iOS 11 ushered in many changes, one of the biggest being a completely redesigned App Store. Although the impact the changes will have on discoverability and downloads is still to be determined, it’s clear Apple has placed priority on helping a greater number of app publishers gain exposure to larger audiences.
While many developers have played with the iOS 11 beta for a few months, yesterday was the first day the general public was able to access the new features and functionalities. We’ve had a ton of fun experiencing the new OS, and want to share the biggest changes to the App Store, along with what they’ll do for consumers and app publishers, with you in today’s post.
The new “Today” tab is the most noticeable change in the iOS 11 App Store. This news-esque tab is now the first screen consumers see when they open the App Store. Today helps bring a bit of humanity back to the App Store though featuring stories behind featured apps, new releases, exclusive offerings, and more, all curated by Apple’s editorial team.
Apple has leveraged multiple content channels to help deliver Today’s stories, including unique artwork, stories straight from app developers and customers, and video. Refreshingly, the Today tab is not pay-to-play, which means a broader range of stories from apps big and small can be told—a big win for consumers.
Ratings and reviews
There are big changes for app publishers around the cadence of asking for ratings and reviews. App publishers now have a choice to reset your ratings between app versions. Similar to the Google Play Store, an app’s rating won’t reset with each new version, but will instead reflect the overall rating.
Additionally, Apple now limits rating prompts to three times per year, which means consumers will be less bombarded with prompts at poor times within their in-app sessions. (For more on how to prepare your app and time your ratings prompts at the right time and place, check out our recent post.) App publishers also now have the ability to respond directly to consumer reviews, and their responses are public to potential customers, which provides more transparency for potential customers.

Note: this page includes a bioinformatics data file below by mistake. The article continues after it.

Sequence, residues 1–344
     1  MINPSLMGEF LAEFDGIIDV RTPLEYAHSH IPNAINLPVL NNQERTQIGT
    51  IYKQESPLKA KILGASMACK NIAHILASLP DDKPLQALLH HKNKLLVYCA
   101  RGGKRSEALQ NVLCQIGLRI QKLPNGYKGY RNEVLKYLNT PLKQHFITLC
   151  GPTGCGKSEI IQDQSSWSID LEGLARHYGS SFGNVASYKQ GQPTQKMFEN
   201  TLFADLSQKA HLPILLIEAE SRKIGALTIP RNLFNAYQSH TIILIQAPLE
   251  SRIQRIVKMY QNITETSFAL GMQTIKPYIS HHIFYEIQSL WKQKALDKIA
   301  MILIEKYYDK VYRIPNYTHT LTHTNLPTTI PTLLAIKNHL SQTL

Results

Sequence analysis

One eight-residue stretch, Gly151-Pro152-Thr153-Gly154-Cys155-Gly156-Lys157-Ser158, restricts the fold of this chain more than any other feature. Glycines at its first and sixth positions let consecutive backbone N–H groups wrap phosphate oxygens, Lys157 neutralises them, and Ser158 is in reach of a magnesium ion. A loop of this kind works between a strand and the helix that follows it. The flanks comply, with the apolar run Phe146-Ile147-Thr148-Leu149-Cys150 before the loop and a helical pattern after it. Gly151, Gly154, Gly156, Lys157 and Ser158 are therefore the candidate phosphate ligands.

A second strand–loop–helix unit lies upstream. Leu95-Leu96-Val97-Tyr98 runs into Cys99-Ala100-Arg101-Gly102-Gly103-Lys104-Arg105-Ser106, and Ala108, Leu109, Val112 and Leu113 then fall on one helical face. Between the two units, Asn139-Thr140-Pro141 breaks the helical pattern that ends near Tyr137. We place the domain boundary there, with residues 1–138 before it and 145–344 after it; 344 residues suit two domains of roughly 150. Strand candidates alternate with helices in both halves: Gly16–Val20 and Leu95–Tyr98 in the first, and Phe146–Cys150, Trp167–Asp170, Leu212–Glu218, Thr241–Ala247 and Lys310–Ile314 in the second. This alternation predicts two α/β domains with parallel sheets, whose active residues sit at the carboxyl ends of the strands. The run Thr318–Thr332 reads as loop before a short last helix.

The top charts are now separated into two categories: gaming apps and non-game apps. Popular games have always crowded the top charts, making discoverability difficult for up-and-coming apps. Now, Apple separates the traditional top charts into Games and Apps, which will (hopefully) result in better search results for consumers and wider reach for new apps.
Side note: I used iOS 11’s new screenshot markup tool (more about it here) to edit the image below. Super powerful and fun!
The new Top Charts also includes more in-depth content highlighting stories about apps that have interesting updates, suggestions for new apps to try, and more. The end result will (again, hopefully) be happier consumers that aren’t bombarded by the same apps over and over again, and happier app publishers due to expanded discoverability.
iOS 11 includes various enhancements to apps’ description pages that gives consumers a more holistic view of an app before they download. The newly designed product page is more streamlined, with clearer calls to important information.
App publishers can now do more with:
- App preview through images and video
- Localization to help personalize a consumer’s preview experience
- Clearer details around in-app purchases
- Age appropriateness of the app’s content
- New text fields for promoting limited-time events and time-sensitive messages
Here’s a quick peek into what a new description page looks like. Side note: I used iOS 11’s new screen recording functionality (more about it here) to take the below video.
In-app purchase promotion
Consumers are now able to start an in-app purchase before they even finish downloading an app. According to Apple, app publishers can promote up to 20 in-app purchases, including subscriptions, on their description pages, or in-app purchases can appear in search results.
This update helps app publishers encourage downloads, and helps set consumer expectations by helping people understand what’s available for purchase within your app before they take the time to download. It will be interesting to see which side of the table, consumers or app publishers, this change to the App Store helps more.
iOS 11 brings plenty of changes to the App Store, and from what we’ve seen so far, Apple is putting the consumer at the center of their new updates. We’ll continue to work with consumers and app publishers alike to understand how these changes affect App Store search and discoverability, and to gauge whether or not they meet their intended positive impact.
What other features have you enjoyed in iOS 11? Any big changes to the App Store that weren’t covered? Leave your thoughts in the comments below!
This article originally appeared in Blog – Apptentive.